The worst part of Jim Calhoun’s story is that there was a time when he actually stood for something.
Of course, this was before he cashed it all in to turn the University of Connecticut into a quick-and-dirty basketball factory – ethics, morals and good academic practices be damned. In the end he got his rings. He got his banners. He got the Hall of Fame. But somewhere along the way he lost a piece of what made him unique in a world that swirled with ugly.
A quick glance at Jim Calhoun's 26-year run at UConn:
|• Won three national titles (1999, 2004 and 2011) and had four Final Four appearances|
|• Won 10 Big East regular-season championships, seven Big East Tournament titles and an NIT crown (1988).|
|• Three-time cancer survivor|
|• Elected to Basketball Hall of Fame in 2005|
|• Served three-game suspension in 2011-12 season for recruiting violations|
Back when he first transformed UConn from Big East joke into conference contender he seemed to be a man with integrity. He might have yelled too much at his players or screamed irrationally at referees. He often had the look of a haunted madman desperate to do anything to win a game. But he was also a teacher, a leader, someone who appeared to care about his players enough to send many of them into the world with college degrees.
Then something happened in the lust for championships. He changed. People talked about it. Newspapers launched investigations following leads about a coach and a program that maybe weren’t so clean anymore. The investigations came up dry but the rumors continued to swirl. The coach who despised the instant winners and talked of his disgust for the titles they bought, was starting to follow that very path.
By the time Yahoo! Sports discovered countless violations in the recruitment of a player named Nate Miles, there could be no more denying it: UConn was a dirty program.
On Thursday, Calhoun is supposed to leave coaching. He is probably walking out a season too late. He should have left after his third national championship in the spring of 2011. That way he could have snipped the nets, stepped down the ladder and disappeared stage left. But that’s not Calhoun. He never was about graceful exits. He wanted to keep going, to bellow at another generation of referees and stomp his feet on the floor. He wanted to keep winning.
Still, the NCAA sanctions from the Miles case had damaged his recruiting. A tournament ban for academic failings hurt the program more. He couldn’t keep players from leaving. He lost support inside the university. Even before he broke his hip this summer, Calhoun was dropping hints about an autumn exit; that way the school wouldn’t be able to find a replacement. It would have to accept Kevin Ollie as his hand-picked successor.
He leaves a complicated legacy of three championships but also the tarnish of an NCAA scoundrel. Try as he may to clear his name, he will forever be mentioned in the same breath as those men he couldn’t stand.
The saddest thing is that Calhoun could coach. Nobody practiced as hard as Connecticut. Nobody’s players were in better shape. Every drill was designed to maximize toughness. His signature practice play was to have each player dunk from the baseline as another tried to block the attempt. Who else would do this? Who would be crazy enough to try it? Every day the bodies crashed to the floor, then everybody picked themselves up and tried it again.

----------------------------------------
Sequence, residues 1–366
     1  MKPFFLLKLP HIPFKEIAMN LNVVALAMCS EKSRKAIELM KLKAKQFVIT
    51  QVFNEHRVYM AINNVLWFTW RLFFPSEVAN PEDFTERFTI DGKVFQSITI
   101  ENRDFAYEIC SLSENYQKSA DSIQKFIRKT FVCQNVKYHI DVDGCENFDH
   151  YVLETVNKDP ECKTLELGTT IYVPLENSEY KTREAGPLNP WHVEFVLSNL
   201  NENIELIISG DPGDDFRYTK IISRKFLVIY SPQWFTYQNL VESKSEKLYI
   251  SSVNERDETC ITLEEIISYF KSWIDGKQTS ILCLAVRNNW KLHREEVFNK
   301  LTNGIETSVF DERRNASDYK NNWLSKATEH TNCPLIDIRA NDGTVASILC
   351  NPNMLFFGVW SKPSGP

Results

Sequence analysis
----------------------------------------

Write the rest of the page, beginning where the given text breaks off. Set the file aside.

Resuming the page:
But as good of a coach as Calhoun was and as consumed with winning as he became, he was also afflicted with insecurities. He had a brilliant mind and was well read and cultured. He had the ability to understand exactly how he was perceived and his desire to be seen as great appeared to drive him.
In the days before the Internet he sent a team manager in the snow on a 100-mile round trip from the college in Storrs to downtown Hartford and then the airport near the Massachusetts border because two of the state’s biggest newspapers had boxes in those locations. It didn’t matter that the papers were mailed to the school and would arrive in another day or two. He couldn’t wait that long. He had to know right away what was being said about his team.
Ultimately, his legacy will say he broke the rules to win big. It wasn’t enough to have two titles, he had to have three. It wasn’t enough to have a fleet of gifted players, he had to have Nate Miles. Ultimately, he recruited a player to UConn who didn’t belong. And he risked the NCAA’s ire until it could no longer look the other way.
Calhoun will forever have his defenders. The majority of UConn fans, long raised on basketball irrelevance before he arrived, won’t care that he broke NCAA rules. They will say UConn was just doing what everyone else did. In a way, they are right. But the Calhoun who arrived in Storrs 625 victories ago was not a man who would be beholden to his players. He wasn’t going to be like those men. But his will to win bigger than all of them left him tarnished – a basketball Hall of Famer with an asterisk.
His replacement is a decent man. Kevin Ollie played 13 years in the NBA by making every bit of his talent matter. He probably could have been a head coach or a general manager, but he came back to his school, to his old coach, to the person who made him as a basketball player. When Ollie played for the Seattle SuperSonics, he didn’t live in a big house or a sprawling apartment or huge hotel suite but in the small motel across the street from the team’s practice facility. He cooked on a hotplate in his room and sent extra money back to his family in Connecticut.
Maybe Kevin Ollie won’t win a national championship. Who knows if he’ll be any good in a sport that values talent acquisition over anything else. But you also get the sense Ollie won’t sell his good name for a championship.
And when he is done his legacy won’t be conflicted.
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